N.Ireland's main parties advance in peaceful poll
Northern Irish voters strongly backed the two main Catholic and Protestant parties that share power in the province's devolved legislature, in elections that boosted the peace process, results showed Sunday.
The Democratic Unionist Party (DUP), the main Protestant political group in the British province, and Sinn Fein, the main Catholic republican party, both saw their number of seats increase in elections to the Stormont assembly.
The election to the cross-community legislature passed off peacefully amid heightened security following a string of attacks in the run-up to the polls blamed on dissident republicans trying to derail the peace process.
The assembly is a keystone of the 1998 peace accords that largely ended the province's three decades of violence, known as The Troubles, which pitted Catholic republicans seeking to break away from the United Kingdom against Protestant unionists.
In a remarkable political comeback, DUP leader Peter Robinson was resoundingly reelected and will return as first minister despite having his career written off last year after a sex scandal involving his wife.
He dedicated his victory to the memory of a Catholic police officer killed in a car bomb attack in Omagh on April 2, as the election campaign got under way.
"I only want to say that I want to dedicate this victory to the memory of young Ronan Kerr, a young man who at 25 years of age was blown into eternity by the hands of evil men," said Robinson.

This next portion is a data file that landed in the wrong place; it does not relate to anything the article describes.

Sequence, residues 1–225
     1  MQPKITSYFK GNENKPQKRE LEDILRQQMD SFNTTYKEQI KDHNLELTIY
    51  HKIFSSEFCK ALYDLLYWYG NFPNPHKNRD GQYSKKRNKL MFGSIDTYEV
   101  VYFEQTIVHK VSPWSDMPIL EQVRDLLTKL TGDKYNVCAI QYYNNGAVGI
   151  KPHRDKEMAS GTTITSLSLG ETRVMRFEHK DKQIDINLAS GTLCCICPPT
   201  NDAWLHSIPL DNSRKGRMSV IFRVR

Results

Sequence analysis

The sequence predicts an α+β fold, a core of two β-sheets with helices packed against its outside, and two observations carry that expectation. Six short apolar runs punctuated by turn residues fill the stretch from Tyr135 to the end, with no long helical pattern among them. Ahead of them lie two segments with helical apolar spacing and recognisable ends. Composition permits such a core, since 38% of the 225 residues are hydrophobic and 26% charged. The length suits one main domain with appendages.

"In the words of his mother, she wanted to ensure that people would come out and support the way forward, peacefully, in Northern Ireland to have a united community, a shared society."
He had lost his seat in the London parliament in the British general elections of 2010 after it emerged in January that year that his wife and former lawmaker, Iris Robinson, had an affair with a teenager.
The DUP increased their number of seats by two to 38, Sinn Fein were up one to 29, while smaller parties took the remaining 41 seats in the legislature.
The vote came after the assembly, set up in 1998, survived its first full, four-year term. It had previously been suspended on several occasions due to disputes between unionists and nationalists.
Voters went to the polls in Northern Ireland on Thursday, but the results were greatly delayed by slow counts.
The poll was on the same day as elections for devolved legislatures in Scotland and Wales and a nationwide referendum in Britain on whether to change the electoral system.
© 2011 AFP